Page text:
Debunking The Myths Surrounding Contraceptives
The advances made in contraceptive and family planning research over the recent decade has served well to give us better and diverse services promoting safety and efficiency of birth control. This has led to an increased number of women opting to use family planning methods. However, lack of knowledge and the fear of side effects has been part of the leading factors linked to patterns of poor or no contraceptive use. There are a lot of myths surrounding the efficiency and safety of birth controls, which create needless fear and may discourage some people from using the birth controls.
In this article we debunk the myths and present the facts behind a range of birth controls used today. Contraception is an essential part of our sexual and reproductive health, yet it’s still among the most misunderstood areas of our common healthcare.
- You can’t get pregnant with the withdrawal method
This among the most common myths among the youths today. This may be because in schools we are taught that sperms are released the moment ejaculation happens. However, in reality men normally produce small amounts of ejaculates before they climax. Withdrawing will certainly reduce the chances of getting pregnant. However, this doesn’t mean that it wholly eliminates the probability.
- The birth control pills lead to weight gain.
A hilarious myth today is how the pill alters your metabolism and hunger levels. Like many myths, there is an element of truth here, but it’s still very misleading. Weight gain only happens if you eat too much for your needs. Hormones can occasionally slightly alter your appetite but nothing is forcing you to eat.
- It’s a good idea to take a break in your birth control
Some people worry that taking the pill for too long could impact their reproductive health, so they take breaks whenever they can. The reality is that a pause in your use of the pill won’t really make much difference. These days the hormones within birth control pills are at very low levels, so you can continue to take them for many years without problems. Taking a break in your birth control pills is only advisable if you are trying to get pregnant. A very common unexpected pregnancy story we hear is the one where you go off the pill because you’ve broken up; forgetting all of our propensity for making up unexpectedly with ex’s.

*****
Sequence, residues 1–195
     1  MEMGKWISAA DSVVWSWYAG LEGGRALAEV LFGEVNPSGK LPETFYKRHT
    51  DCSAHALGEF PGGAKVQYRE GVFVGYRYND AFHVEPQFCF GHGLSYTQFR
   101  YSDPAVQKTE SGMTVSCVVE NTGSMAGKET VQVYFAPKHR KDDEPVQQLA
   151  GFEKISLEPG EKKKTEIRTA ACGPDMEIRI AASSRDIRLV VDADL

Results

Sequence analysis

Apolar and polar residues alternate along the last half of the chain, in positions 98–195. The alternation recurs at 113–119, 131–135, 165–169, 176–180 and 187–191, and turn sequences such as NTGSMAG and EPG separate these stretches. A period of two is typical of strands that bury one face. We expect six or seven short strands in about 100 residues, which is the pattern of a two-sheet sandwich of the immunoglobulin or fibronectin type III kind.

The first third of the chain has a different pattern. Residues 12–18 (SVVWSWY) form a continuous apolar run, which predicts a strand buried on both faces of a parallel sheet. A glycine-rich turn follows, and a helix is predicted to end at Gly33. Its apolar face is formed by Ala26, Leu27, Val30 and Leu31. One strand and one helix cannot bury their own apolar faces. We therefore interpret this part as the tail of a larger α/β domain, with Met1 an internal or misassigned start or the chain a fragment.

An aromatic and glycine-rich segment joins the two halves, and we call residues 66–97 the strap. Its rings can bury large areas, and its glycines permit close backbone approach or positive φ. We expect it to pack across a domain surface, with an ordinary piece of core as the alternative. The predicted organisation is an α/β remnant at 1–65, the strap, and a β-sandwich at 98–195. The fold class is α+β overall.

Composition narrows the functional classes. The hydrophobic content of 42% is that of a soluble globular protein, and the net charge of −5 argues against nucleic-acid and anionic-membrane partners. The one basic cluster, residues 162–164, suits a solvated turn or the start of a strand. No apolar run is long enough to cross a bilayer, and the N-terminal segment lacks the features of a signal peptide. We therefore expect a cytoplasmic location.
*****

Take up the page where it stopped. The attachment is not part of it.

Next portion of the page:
- You can’t get pregnant if you have sex during your period
It’s unlikely, but it’s far from impossible. Sperm can live inside the body for up to 7 days and most women have fairly irregular cycles, so it’s hard to know exactly when the egg will be released. If you ovulate soon after your period, you could become pregnant. It’s very hard to predict the ‘safe’ times during your cycle.
- Two condoms make sex safer
Condoms are 98% effective, but doubling up doesn’t double your odds. In actual fact, the two condoms will rub together and are actually more likely to split than a single condom.
- The pill or IUD is all the protection I need
These are both fantastic methods of contraception, but they do nothing to protect you from sexually transmitted infection. If you’re on the pill and you’re seeing a range of partners, you should still use a condom. If you have one, regular partner, consider going for STI tests to make sure you are both negative. After that, it’s up to you